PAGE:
With the hammering both players received by the Philadelphia media (we won’t judge if it was warranted), it makes perfect sense to shield these two from daily media scrutiny. You can argue the responsibility of the player to be available to talk to the media, but the league rules only state that the room has to be open after the game and any particular player’s attendance is discretionary. I did a long interview with Richards upon his arrival in Los Angeles and my interaction with Carter has been limited, but never adversarial to me or any other member of the media in my presence.

Does the removal of these two players from the spotlight enhance their play? You can debate that all you like, but the approach hasn’t hurt their performance.

It’s not like these players are unaware of the commentary, whether good or bad, they know what is being written and the tone of the opinions. While players may not read stories about them directly, I guarantee you that a wife, girlfriend, uncle or buddy has. Some players have active Twitter accounts and monitor them daily; league execs have disguised ones, so the reality is that everyone is plugged into what is written, spoken and tweeted about this team.

If you’ve done an interview with Carter, you realize his skill on ice far exceeds his post-game analyst skills, so we’re missing little by his lack of recanting a game winning goal. The lack of access is further minimized by willingness of those like Rob Scuderi, Dustin Brown, Jarret Stoll and oh-how-we-miss Willie Mitchell to chat you up, win or lose.

With the Kings’ organization setting him up to win, the final exclamation point on Carter season has been the leadership he’s demonstrated in the most challenging series in the Kings last two post seasons. With Richards getting hammered at the end of Game 1 on a hit that many feel earned supplementary discipline, Carter slid in to the void created in the pivot flanked by Dustin Penner and rookie Tyler Toffoli. As good as he’s been on right wing, he’s been more effective as a center, creating open ice for him and his teammates. He scored the Kings’ first goal in Game 2 and registered assists on two goals in a win that got the Kings back into the series. The newly-combined trio has been the best Darryl Sutter can offer with the continuing struggles of Anze Kopitar reaching a point where his coach had no choice but to place him on the third line for the first Los Angeles tilt.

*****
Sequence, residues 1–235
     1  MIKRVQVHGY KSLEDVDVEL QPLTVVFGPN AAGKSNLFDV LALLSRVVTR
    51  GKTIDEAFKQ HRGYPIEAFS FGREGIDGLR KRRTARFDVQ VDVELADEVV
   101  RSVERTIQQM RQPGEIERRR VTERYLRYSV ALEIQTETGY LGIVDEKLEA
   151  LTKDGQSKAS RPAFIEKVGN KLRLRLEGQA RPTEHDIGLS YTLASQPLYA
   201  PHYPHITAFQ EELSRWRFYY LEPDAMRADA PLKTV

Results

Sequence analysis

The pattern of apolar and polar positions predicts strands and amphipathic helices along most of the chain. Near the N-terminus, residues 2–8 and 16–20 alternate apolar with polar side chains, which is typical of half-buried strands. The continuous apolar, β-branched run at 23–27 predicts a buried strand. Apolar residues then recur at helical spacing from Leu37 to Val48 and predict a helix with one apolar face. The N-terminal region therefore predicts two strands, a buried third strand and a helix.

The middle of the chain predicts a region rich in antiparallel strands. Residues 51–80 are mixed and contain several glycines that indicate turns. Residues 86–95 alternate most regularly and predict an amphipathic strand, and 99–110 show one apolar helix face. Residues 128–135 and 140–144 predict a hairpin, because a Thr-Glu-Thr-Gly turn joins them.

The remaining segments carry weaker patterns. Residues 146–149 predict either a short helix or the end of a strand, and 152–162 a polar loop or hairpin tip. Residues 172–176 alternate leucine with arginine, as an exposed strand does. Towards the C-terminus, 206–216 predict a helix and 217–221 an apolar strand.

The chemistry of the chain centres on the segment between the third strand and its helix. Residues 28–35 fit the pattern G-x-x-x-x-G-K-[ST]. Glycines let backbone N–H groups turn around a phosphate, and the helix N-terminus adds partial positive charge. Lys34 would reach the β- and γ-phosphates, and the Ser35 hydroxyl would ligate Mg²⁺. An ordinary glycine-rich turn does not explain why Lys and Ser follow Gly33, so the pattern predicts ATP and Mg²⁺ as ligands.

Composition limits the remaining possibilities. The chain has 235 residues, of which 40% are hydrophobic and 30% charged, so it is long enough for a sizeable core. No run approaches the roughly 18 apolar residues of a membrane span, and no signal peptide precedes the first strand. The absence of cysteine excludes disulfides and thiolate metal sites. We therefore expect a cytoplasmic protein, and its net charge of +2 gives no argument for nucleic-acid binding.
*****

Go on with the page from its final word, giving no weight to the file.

But the play that will be recalled as the weeks roll on will be the high sticking incident with Duncan Keith, which demonstrates that Carter is the gamer that many at his other stops tell you he isn’t.

In a play that started inconsequentially, Keith paid some heavy dues when his anger got the best of him. The resulting stick swing to Carter’s mouth was both dangerous and careless and as a repeat offender, Keith should consider himself lucky that the Shanaban was only for Game 4 and not longer. The blow sent Carter immediately to the ice. After he slowly rose, he skated to the locker room for repairs.

Not soon after he returned to the bench minus a couple of teeth and a dental bridge but the proud new owner of 20 stitches in his mouth. Even with the battering, he managed to win 62% of his faceoffs, a must have for the Kings as the likelihood of Richards returning from his head injury is low for this series.

Like it or not, due to injuries and ineffectiveness suffered by his teammates, he’s become a leader in the room and I’d venture to guess that he truly likes it.

So while safely nestled in his home by the beach with a Stanley Cup ring on his finger and his future financially secured, Jeff Carter has had the last, though presently broken-toothed laugh.

Dennis Bernstein is the Senior Writer for The Fourth Period Magazine. Be sure to follow him on Twitter.